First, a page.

Feb 28, 2023 - Politics

Local Limelight: NC state Rep. Robert Reives

Photo illustration of U.S. Representative Robert T. Reives, II in a polaroid frame.

Photo Illustration: Axios Visuals/Axios. Photo: North Carolina General Assembly

We talked with Chatham County's Democratic state Rep. Robert Reives, who serves as the House minority leader, for our recurring Local Limelight series.

Here are some of his favorite things.

Favorite places to eat: S & T's Soda Shoppe in Pittsboro, and Kanki Japanese House of Steaks and Sushi in Raleigh.

What the Triangle is missing: "A really good concert-club venue" with "high-brow acts in small venues."

  • Kind of like Prince used to do, Reives said.
  • Lucille's thought bubble: Count me in.

First read in the morning: His Bible passage for the day, and then the novel he's currently reading.

  • He intentionally holds off on looking at his phone in the mornings, and he doesn't look at anything work related until he gets going at the gym.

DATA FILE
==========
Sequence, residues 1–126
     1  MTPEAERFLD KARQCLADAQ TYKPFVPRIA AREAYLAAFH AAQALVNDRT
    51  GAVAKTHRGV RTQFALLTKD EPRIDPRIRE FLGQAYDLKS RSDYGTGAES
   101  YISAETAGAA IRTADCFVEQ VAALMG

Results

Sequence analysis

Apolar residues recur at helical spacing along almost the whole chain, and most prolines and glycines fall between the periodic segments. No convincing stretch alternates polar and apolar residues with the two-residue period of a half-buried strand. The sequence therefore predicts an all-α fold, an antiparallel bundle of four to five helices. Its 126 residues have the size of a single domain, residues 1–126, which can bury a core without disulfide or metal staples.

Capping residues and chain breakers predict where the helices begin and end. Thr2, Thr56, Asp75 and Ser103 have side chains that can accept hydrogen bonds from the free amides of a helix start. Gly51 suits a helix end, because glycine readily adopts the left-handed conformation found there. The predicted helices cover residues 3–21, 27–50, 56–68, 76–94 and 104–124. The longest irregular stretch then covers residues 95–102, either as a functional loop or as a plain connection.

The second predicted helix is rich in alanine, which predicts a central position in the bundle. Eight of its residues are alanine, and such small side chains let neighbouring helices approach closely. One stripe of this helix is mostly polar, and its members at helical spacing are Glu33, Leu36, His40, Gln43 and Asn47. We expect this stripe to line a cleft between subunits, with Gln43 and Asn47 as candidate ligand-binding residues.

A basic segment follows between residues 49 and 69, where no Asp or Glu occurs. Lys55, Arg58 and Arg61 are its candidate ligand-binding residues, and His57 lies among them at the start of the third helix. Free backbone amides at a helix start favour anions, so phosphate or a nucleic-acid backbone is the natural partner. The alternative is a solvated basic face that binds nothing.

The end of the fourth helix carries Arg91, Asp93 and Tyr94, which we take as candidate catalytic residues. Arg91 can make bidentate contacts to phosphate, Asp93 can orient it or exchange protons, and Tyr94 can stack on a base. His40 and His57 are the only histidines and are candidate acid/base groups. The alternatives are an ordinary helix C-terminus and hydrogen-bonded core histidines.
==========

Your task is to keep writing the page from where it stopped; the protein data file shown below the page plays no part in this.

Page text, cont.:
Last great book he read: "Righteous Prey" by John Sanford.

Currently reading: "The Cabinet of Dr. Leng" by Douglas Preston and Lincoln Child.

Go-to podcast: The Right Time with Bomani Jones.

Favorite long weekend spot: Kiawah Island, where he used to go to jazz concerts, he said.

  • Second place is Wrightsville Beach, because he loves the downtown.

Family cats: Storm, who is 4, and Captain, who is 5.

How he ended up in the Triangle: Reives was born in Sanford and has lived within 15 minutes of the house he lives in now all his life.

If he could pass any law, it would be: "Something to allow us to invest in education" and a music requirement.

  • "I feel like that is just a baseline for all the things that can happen later in life," Reives told Axios. "I've never met a child who's had an opportunity to play music that hasn't loved it."
  • "If I won the lottery I would bequeath a big ol' music program to everybody I could."

Something he's looking forward to: Any time he gets with his wife and kids, but he's crossing his fingers that he can take his family to D.C. for spring break.

  • Whether or not he can do that, however, depends on the state legislature.

How he unplugs: "I've learned to cut the phone off at certain times, and I just have to hope that no emergencies happen."

  • Those times include when he's with his family, in the mornings and evenings, during meetings and "self time."
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